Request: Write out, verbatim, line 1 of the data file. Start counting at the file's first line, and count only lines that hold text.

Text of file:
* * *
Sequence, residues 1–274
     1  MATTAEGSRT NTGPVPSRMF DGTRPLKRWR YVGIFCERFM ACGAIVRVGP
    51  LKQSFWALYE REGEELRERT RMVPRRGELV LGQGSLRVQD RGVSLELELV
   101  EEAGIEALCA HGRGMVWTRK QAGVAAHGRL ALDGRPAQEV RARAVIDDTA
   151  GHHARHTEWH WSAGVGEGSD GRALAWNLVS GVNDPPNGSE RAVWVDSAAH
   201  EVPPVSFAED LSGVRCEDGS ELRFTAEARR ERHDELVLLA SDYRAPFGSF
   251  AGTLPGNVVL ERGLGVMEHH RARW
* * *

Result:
Sequence, residues 1–274